Outside of the nation’s capital there isn’t that much in the way of transporatation around little towns besides the ‘Songthaew’. For all you foreigners who may not be so familiar with such vocabulary, a ‘songthaew’ is one of of those funky looking roofed-pick-ups with two benches in the back – ie… the word ‘songthaew’ literaly translates as ‘two rows’. Once upon a time you just had to bang the roof when you wanted off the wretched thing but due to technological development most now have a ‘buzzer’ you can ring – I mean, if it works!. Just like the country’s bus drivers, ‘songthaew’ drivers are another fine species that is reknowned for slowing down to pick up passengers but not actually stopping. It is left to the passengers own devices, yet once again, to hazardously jump into the vehicle, one slip and he’ll be flying head-first onto the main the road.
‘Songthaews’, like buses are usually synonymous with happily charging foreigners the same fare as the local Thais. Go to the east coast and Pattaya however, and you may find their ‘songthaew’ drivers to be the most wretched uncivilized beings to walk the earth. For years now I have avoided Pattaya’s ‘songthaew’ drivers like the plaque because of their two-teiring price system. Of course, there is a lotta ‘over-charging the foreigner’ at every tourist destination in Thailand but if you haggle a bit you’ll often get away with paying the Thai price. As for Pattaya’s ‘songthaew’ drivers, they are in a habit of physically assualting any foreigner who even tries to get away with paying the Thai price!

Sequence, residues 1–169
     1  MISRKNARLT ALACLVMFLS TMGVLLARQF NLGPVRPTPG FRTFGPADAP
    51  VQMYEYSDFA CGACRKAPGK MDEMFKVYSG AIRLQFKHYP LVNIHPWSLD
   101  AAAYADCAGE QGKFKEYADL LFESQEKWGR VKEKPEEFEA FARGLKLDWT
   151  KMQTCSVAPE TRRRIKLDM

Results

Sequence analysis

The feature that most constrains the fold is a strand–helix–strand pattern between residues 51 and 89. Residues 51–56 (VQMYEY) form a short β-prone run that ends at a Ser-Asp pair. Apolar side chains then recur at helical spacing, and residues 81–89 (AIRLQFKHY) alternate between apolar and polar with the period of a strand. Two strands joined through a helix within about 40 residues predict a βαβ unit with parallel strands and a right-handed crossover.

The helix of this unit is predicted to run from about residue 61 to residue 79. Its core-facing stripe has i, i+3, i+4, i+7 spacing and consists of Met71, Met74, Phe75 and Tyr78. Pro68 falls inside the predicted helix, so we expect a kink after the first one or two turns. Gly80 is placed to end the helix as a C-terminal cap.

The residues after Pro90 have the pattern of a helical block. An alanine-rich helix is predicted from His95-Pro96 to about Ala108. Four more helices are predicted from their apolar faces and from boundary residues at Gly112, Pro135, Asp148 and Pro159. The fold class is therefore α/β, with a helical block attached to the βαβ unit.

My last confrontation with a Pattaya ‘songthaew’ driver ended with this fine species being arrested and shifted off to the local cop box to pay a fine. Don’t blame me! I had been in Pattaya for a month or so and had got into the fine tendency of putting 5 baht in the driver’s hand (the correct local fare) and dashing quickly across the road before the monster could even complain. On one occasion however, I wasn’t so quick and the freak comes running out of the ‘songthaew’ bellowing “You pay 10 baht!” (The Farang price). Pretty pished-off with his remarks, I retorted in English that I had lived in Pattaya for years. The driver wanting nothing to do with my feeble explanation, reached for a huge plank of wood concealed under the driver’s seat and started waving it around threatening to smack me over the head with it. Unfortunately for the driver, I spotted a couple of ‘Thailand’s-finest boys-in-browns’ driving past on their bikes and flagged them over. By the time the cops got off their bike the scheming driver had replaced the huge plank of wood under his seat and started defending himself by waffling off to the cops that I had refused to pay the fare.